Part of an ongoing research project to interpret linguistic grammar visually, this essay presents initial experiments to visualize rhetorical patterns in English sentences. Creative contextualization is offered with reference to earlier visual forms that were treated as a kind of language.
A certain strand in Modernism ‐ in particular that running through the Bauhaus, which used abstract devices as a foundational design syntax ‐ paved the way for post-war picture books to activate the narrative potential of simple coloured shapes; and, again, avant-garde musical
scores from the 1950s onwards used exploratory graphic notations to instigate expressive new treatments of sound. My own visualizations are playful in spirit but posit a serious idea that grammar works by means of deep aesthetic tendencies. My case studies ‐ featuring a model user and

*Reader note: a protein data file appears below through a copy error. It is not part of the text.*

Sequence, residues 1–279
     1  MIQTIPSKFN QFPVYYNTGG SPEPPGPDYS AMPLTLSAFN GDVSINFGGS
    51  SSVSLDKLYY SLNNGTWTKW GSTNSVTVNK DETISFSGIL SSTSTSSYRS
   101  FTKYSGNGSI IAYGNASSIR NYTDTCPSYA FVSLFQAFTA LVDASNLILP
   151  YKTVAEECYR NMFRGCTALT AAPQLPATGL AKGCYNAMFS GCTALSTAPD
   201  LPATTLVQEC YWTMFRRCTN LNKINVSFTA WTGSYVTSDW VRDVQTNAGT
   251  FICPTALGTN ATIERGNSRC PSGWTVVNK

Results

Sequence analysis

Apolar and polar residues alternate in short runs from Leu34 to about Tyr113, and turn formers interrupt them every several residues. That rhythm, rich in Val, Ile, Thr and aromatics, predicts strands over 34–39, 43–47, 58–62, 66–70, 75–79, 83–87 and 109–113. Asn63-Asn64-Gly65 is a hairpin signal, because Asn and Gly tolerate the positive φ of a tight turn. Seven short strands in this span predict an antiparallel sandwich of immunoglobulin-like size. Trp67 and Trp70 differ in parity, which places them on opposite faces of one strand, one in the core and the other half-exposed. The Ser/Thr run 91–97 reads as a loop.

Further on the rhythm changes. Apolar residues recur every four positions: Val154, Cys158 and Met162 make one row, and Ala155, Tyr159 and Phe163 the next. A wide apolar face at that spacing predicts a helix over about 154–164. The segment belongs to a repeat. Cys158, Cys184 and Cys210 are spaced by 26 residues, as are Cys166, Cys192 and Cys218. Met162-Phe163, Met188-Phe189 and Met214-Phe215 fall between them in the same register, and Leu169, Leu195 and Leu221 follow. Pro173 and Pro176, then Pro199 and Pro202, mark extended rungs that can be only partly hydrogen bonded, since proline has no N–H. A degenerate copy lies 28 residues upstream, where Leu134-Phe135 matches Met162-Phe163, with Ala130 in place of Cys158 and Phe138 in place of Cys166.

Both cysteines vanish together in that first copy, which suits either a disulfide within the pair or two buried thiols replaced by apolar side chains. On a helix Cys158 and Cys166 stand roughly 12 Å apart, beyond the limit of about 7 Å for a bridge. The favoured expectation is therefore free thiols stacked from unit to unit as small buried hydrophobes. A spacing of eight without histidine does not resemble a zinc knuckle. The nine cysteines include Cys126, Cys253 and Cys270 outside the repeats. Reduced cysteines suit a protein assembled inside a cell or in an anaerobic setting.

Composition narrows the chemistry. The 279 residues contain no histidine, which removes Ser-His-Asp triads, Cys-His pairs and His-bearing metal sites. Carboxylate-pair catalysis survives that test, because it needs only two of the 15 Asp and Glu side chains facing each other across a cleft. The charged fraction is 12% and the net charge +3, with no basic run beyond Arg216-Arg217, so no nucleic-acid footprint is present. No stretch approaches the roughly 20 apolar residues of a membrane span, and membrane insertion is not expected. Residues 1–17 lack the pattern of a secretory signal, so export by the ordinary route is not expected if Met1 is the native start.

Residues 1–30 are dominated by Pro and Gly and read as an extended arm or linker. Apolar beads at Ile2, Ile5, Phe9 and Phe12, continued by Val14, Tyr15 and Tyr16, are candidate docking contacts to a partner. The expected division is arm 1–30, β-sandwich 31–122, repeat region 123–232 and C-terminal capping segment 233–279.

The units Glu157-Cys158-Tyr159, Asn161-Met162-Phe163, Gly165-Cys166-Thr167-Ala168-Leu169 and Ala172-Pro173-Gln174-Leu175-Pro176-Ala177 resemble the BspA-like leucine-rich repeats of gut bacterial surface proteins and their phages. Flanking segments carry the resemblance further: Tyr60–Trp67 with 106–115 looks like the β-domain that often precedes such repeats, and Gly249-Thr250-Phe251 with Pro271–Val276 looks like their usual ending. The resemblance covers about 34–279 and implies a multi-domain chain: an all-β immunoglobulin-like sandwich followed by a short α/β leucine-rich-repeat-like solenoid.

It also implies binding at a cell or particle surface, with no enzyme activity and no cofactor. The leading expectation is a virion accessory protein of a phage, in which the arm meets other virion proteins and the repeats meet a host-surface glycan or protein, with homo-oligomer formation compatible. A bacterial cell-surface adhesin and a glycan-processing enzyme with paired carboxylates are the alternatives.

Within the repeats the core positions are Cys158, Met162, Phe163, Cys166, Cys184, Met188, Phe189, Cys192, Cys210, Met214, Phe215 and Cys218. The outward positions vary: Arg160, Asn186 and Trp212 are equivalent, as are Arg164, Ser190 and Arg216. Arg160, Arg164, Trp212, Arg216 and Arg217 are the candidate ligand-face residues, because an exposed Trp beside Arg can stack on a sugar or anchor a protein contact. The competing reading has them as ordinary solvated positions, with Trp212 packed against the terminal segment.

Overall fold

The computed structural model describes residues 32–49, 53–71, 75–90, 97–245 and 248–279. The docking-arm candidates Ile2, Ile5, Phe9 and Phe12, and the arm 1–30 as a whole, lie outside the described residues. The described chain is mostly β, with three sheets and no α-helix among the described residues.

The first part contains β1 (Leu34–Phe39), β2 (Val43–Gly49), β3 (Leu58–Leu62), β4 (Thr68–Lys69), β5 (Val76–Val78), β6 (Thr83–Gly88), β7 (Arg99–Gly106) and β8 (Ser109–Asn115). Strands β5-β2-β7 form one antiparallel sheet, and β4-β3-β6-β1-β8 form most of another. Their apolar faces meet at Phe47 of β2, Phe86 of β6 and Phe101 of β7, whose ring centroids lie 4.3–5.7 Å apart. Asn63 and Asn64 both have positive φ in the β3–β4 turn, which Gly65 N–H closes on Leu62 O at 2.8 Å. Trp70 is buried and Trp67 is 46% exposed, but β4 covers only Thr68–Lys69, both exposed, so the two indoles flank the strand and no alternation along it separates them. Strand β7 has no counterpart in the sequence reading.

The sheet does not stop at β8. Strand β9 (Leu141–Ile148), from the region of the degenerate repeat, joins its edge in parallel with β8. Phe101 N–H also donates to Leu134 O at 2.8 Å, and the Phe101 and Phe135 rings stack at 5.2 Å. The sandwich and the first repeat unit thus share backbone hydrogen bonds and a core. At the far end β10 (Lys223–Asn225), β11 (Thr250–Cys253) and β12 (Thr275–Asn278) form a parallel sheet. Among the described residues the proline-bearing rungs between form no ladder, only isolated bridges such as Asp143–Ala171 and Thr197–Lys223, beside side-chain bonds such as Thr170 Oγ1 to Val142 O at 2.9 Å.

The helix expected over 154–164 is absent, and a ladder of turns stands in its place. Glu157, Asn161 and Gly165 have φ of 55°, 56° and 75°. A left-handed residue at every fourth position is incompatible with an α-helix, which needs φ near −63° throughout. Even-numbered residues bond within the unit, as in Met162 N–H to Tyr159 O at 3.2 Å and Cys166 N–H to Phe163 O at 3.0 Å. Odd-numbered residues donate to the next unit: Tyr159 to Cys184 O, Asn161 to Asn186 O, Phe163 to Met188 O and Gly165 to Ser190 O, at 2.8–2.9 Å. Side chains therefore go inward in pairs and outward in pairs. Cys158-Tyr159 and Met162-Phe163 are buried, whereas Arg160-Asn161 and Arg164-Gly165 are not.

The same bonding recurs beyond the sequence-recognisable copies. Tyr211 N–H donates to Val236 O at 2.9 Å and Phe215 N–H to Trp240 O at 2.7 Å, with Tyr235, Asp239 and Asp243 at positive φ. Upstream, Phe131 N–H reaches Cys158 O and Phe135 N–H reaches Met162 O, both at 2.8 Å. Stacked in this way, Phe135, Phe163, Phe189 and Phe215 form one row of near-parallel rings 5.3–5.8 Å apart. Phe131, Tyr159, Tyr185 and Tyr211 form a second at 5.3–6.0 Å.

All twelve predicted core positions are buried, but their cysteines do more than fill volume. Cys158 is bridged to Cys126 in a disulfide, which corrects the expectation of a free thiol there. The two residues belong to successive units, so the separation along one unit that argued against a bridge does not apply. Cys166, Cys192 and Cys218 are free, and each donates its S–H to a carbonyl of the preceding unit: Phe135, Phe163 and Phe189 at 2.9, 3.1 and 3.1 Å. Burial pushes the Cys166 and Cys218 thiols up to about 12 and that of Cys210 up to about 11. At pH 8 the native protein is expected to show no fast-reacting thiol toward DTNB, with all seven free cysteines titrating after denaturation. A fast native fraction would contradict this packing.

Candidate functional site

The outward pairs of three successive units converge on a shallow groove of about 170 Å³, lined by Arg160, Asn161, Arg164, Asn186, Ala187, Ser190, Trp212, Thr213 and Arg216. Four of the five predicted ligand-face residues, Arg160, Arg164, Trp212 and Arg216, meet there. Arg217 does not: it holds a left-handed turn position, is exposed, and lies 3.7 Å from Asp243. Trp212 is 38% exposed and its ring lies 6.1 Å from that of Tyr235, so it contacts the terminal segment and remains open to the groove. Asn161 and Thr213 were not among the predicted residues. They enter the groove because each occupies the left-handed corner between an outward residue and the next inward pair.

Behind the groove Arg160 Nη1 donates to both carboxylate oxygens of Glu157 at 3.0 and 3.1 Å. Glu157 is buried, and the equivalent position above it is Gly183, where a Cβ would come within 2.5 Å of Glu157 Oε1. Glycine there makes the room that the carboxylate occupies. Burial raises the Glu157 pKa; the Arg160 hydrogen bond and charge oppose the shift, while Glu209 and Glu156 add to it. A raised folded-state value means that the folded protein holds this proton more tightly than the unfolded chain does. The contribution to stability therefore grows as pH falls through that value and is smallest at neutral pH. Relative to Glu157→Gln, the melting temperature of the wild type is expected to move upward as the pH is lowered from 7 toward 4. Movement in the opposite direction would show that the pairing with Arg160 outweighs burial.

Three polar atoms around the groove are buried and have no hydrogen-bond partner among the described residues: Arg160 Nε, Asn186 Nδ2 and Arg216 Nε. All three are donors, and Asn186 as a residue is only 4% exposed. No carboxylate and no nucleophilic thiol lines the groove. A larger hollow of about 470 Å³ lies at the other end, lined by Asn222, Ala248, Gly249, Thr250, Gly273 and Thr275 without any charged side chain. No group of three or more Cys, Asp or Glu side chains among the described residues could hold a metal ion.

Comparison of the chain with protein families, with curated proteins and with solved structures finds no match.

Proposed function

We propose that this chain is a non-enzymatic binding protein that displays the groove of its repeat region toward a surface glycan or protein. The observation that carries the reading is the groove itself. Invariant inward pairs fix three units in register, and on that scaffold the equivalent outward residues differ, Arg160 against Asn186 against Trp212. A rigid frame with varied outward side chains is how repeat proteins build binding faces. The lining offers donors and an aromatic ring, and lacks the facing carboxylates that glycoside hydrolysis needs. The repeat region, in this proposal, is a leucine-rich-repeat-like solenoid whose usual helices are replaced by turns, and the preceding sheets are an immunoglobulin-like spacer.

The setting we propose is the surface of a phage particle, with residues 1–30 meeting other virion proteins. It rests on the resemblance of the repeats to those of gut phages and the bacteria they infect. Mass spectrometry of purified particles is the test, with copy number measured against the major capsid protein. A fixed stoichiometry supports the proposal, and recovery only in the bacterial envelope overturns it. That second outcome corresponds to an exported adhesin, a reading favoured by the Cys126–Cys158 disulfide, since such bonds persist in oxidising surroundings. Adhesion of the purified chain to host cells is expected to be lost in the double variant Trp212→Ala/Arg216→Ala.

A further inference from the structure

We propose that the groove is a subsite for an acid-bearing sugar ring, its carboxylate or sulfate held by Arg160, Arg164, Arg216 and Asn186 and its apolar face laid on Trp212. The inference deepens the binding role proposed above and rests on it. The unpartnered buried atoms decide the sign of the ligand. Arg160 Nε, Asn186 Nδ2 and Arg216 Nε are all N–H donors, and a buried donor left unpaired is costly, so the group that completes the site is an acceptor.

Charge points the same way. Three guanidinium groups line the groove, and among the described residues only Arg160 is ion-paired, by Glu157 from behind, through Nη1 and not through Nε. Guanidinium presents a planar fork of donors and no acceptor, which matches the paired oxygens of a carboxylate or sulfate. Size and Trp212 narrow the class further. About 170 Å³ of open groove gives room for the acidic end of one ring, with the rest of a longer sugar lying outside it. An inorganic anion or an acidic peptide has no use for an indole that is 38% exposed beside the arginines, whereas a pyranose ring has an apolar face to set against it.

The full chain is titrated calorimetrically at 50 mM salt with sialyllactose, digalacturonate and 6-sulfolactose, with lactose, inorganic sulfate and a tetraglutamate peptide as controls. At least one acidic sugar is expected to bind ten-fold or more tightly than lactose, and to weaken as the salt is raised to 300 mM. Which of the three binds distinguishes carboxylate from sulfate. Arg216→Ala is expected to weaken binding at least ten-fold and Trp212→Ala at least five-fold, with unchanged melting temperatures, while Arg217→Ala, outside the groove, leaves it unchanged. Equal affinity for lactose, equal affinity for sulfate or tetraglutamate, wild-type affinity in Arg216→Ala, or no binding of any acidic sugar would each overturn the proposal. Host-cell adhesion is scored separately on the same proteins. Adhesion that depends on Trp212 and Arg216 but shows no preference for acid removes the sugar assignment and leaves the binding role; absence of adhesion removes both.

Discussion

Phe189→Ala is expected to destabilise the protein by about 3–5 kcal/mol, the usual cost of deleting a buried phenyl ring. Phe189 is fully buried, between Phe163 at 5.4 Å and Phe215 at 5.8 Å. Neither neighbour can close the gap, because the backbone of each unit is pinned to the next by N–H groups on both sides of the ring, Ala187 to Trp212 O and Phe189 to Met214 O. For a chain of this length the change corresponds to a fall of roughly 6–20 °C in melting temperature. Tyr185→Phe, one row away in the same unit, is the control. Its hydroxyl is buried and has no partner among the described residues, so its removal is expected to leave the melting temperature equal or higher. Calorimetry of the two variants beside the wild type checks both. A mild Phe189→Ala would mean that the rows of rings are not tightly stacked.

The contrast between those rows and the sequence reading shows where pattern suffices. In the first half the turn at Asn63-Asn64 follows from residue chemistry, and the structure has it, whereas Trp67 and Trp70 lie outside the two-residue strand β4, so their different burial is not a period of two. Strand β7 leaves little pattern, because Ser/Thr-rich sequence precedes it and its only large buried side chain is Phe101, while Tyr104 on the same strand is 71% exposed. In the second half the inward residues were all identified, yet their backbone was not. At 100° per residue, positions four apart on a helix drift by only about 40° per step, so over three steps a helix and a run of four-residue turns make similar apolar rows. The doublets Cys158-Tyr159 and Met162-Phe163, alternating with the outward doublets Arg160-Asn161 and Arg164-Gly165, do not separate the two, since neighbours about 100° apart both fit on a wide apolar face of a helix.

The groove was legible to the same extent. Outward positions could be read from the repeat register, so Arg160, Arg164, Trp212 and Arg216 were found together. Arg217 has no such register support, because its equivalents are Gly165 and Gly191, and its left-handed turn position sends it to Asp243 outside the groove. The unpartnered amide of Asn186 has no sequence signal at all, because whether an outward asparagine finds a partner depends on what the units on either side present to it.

a model abuser of English ‐ flag up common patterns in typical sentence constructions under seven descriptive labels. Ultimately the essay suggests that Illustration might flourish at the level of the sentence, the basic unit of meaning within word-based language and, in very simple
terms, the expression of a thought. Ornamenting the rhythm and flow of how a sentence operates is one means of 'seeing' a voice lending shape to thought at a detailed level.
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Document Type: Research Article
August 1, 2019
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Illustration is a rapidly evolving field with an excitingly broad scope. Despite its cultural significance and rich history, illustration has rarely been subject to deep academic scrutiny. The Journal of Illustration provides an international forum for scholarly research and investigation of a range of cultural, political, philosophical, historical, and contemporary issues, in relation to illustration. The journal encourages new critical writing on illustration, associated visual communication, and the role of the illustrator as visualizer, thinker, and facilitator, within a wide variety of disciplines and professional contexts.
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